PULSE garda system used as "some sort of social website for gossip" - Alan Shatter

Some 150 members of the force accessed information following an arrest in 2013

PULSE, garda computer system, Garda Siochana, Alan Shatter, access, Clare Daly, Katy French,

A member of the gardaí using a computer, showing the PULSE system on screen in 1999 | Image: RollingNews.ie

It has been claimed some members of An Garda Síochána were using the PULSE computer system "as a social website".

Former Justice Minister Alan Shatter made the claim over inappropriate access to the system by gardaí.

A review carried out following a Garda Inspectorate report in 2014 highlighted systemic failures in recording practices on the garda internal computer system.

While another review carried out by the Central Statistics Office (CSO) into the quality of garda crime data found that 18% of crimes reported to gardaí in 2011 do not appear to have been recorded on the system.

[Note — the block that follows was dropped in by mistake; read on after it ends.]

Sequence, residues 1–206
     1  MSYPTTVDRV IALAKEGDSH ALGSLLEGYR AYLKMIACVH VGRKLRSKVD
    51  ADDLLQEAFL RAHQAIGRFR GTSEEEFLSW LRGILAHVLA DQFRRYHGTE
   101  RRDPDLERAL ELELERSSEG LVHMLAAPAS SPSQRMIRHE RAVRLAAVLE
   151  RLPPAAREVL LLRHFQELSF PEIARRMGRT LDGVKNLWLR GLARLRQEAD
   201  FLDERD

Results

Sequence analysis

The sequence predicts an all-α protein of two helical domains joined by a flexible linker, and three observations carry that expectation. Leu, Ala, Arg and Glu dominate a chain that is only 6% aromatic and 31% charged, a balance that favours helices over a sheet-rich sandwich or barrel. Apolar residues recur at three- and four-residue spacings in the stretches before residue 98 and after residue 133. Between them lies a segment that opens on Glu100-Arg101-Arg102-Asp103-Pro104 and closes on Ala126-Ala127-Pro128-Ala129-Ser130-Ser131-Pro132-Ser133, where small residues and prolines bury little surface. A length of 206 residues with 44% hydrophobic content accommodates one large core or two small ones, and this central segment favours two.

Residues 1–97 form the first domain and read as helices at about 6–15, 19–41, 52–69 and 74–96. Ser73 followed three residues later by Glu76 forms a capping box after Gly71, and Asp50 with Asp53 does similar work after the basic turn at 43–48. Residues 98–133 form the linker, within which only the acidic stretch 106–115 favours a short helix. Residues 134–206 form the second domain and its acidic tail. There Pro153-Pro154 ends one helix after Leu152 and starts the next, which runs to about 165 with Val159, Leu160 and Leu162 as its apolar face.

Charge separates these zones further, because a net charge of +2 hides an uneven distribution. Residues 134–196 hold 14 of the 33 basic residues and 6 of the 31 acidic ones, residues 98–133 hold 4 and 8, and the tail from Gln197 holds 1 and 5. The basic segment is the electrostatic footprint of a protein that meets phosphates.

Mr Shatter referenced an incident where a number of gardaí accessed the PULSE system in relation to the arrest of TD Clare Daly in 2013 for suspected drink-driving.

"What isn't generally publicly known is that I raised that issue with the garda authorities and I expressed concern as to how that came about", he told the Pat Kenny Show here on Newstalk.

"I was subsequently advised...that in excess of 150 members of the force had accessed the PULSE system - some of them seem to think it was some sort of social website that they could look up for gossip purposes".

"As I understand it...one of the investigations that GSOC have been engaged in that gave rise to controversy over the last ten days has arisen out of a complaint that Deputy Daly made as to how that information got into the public domain".

"And of course that was also, as I understand it, how some of the background circumstances relevant to the tragic death of a very well-known model, Katy French, also found their way into the public domain".

"My concern at the time was that in relation to reports on both those issues, they were more about prurient interest than public interest".